And the steelhead were grabby. We got blanked in a couple of runs Friday evening, but connected with half a dozen fish Saturday, landing two hatchery hens. Nymphing out of the boat covered the water between swinging runs, and we hooked fish both on the swing and under the bobber. When the gal doing fish counts for Idaho Fish and Game stopped by the take-out, we proudly told her that we had caught a couple of fish. She smirked and said, "Yeah, it's been pretty good." I think we were bringing the average down.

A short note about dinner Saturday night. Campfire. Clear skies. New York strips on the grill, caesar salad, and red wine. Cookies. That is all.

Sunday we floated the same stretch as the day before. On Saturday we had been able to avoid much of the traffic...I think we only saw one or two other boats the whole day. Sunday we had a little more company, including the seemingly ever-present guy that insists on pulling plugs through the end of your swing. Whatever, the sun is shining and the fish are biting.

Jamie got the stink off his spey-casting career in fine form that day, hooking a solid 7-8 lb hatchery hen on the hang-down late in the morning. That's a solid fish on the Salmon, and Jamie was rightfully pumped.

The day was a success at that point, and we wanted to hit the road back to Missoula reasonably early that afternoon. But don't think that I didn't want a fish of my own, and the afternoon held promise. We pulled in to a run where the afternoon before I had hooked and lost two fish, bringing one all the way to the bank before the hook popped. As I swung through the sweet spot this time around, the line again went tight...a very slow, soft grab. A couple clicks off the reel, and I came tight on her. Fish on! After giving me the treatment, I was able to get the upper hand and bring her in to the shallows, snap a couple of pics, and let her go.

More than satisfied, we pushed the boat out, Jamie hitched a ride back up to the truck, and we headed back to break camp. Highly motivated on steelhead and Budweiser, camp came down in near-record time. One last stop at the North Fork store for gas and some air in Jamie's ailing front left tire, and we headed back over the pass.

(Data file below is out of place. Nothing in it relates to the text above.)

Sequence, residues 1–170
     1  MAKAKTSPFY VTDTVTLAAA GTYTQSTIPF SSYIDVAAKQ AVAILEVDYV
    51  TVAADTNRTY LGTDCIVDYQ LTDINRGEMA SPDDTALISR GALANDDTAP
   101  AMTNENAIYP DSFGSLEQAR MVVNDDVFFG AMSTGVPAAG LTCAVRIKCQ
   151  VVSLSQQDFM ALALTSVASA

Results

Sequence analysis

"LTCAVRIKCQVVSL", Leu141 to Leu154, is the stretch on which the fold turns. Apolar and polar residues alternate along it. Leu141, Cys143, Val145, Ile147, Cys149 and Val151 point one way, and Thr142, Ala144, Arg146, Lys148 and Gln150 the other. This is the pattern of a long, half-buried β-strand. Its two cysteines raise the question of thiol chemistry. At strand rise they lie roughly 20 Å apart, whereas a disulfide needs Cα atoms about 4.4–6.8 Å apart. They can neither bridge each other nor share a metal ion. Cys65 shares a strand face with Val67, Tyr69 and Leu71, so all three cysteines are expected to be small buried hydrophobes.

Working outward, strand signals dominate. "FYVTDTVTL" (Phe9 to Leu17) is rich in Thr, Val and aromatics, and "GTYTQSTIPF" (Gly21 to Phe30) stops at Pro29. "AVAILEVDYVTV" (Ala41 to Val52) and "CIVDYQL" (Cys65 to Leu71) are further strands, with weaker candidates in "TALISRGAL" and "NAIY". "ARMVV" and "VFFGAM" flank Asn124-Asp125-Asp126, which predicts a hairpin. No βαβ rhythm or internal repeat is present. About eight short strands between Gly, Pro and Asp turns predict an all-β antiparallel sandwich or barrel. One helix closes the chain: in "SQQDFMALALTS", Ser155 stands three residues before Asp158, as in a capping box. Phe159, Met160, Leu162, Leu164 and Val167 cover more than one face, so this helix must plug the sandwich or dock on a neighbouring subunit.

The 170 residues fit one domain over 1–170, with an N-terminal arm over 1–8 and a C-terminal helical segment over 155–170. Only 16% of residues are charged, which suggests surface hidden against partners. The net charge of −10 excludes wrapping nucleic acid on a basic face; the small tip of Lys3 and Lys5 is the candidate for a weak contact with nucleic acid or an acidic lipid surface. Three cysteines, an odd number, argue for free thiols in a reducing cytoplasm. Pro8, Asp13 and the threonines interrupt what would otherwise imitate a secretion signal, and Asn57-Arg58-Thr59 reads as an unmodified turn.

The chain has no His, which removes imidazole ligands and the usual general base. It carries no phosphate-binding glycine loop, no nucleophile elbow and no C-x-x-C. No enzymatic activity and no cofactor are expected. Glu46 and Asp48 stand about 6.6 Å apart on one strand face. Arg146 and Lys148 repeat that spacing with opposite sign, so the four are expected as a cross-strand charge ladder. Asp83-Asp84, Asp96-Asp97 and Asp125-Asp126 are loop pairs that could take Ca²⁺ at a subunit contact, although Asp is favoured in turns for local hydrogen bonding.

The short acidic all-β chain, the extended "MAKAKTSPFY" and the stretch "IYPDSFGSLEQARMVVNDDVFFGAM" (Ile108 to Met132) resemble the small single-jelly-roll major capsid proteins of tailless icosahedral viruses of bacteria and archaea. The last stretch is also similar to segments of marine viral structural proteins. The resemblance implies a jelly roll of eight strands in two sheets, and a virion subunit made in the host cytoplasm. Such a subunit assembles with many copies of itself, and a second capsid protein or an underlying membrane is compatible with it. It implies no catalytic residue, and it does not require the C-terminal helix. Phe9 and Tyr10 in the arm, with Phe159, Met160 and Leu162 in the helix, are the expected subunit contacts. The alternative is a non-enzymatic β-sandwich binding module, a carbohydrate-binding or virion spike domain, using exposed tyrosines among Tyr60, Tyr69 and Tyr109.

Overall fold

The drive home went easily, especially since I didn't have to maybe I should call it my ride home. We made a stop at the Broken Arrow in Gibbonsville, which is the greatest little hole-in-the-wall-Mexican-restaurant-in-the-middle-of-nowhere-that's-never-open...and, thank God, it was open. Full bellies, high spirits, and one damn fine trip. When can we go back?

Thursday, October 22, 2009

Filthy Egg-Suckers

The weekend warrior is on the hunt again. Real-world obligations have (mostly) been taken care of for the week, and all that's standing between me and some serious swing-time on the Salmon are a few pints at the Kettlehouse tonight. I've been itching to get back down to Idaho since, well, leaving Idaho. Egg-sucking string leeches were manufactured this week during bouts with procrastination.

Jamie and I are leaving at dawn tomorrow and hope to be on the water by mid-morning. This will be Jamie's first steelhead trip to Idaho. I hope he knows what he's in for. It should also be interesting/hilarious because he doesn't have a spey rod and plans on slinging some 10' 7wt around all weekend. He'll probably outfish me.

Tuesday, October 20, 2009

Havre has it...

Nima and I made the 4+ hour trek northeast to Havre this past weekend to visit our friends Brett, Lisa, Lady and Nash up on the Hi-Line. Brett and Lisa are both teachers up there, and Lady and Nash are their English setters; Lady's the old veteran, Nash the 1 1/2 year old bird-stud in training. These are some of my favorite people/dogs, and it was great to have the chance to observe them in their natural environment.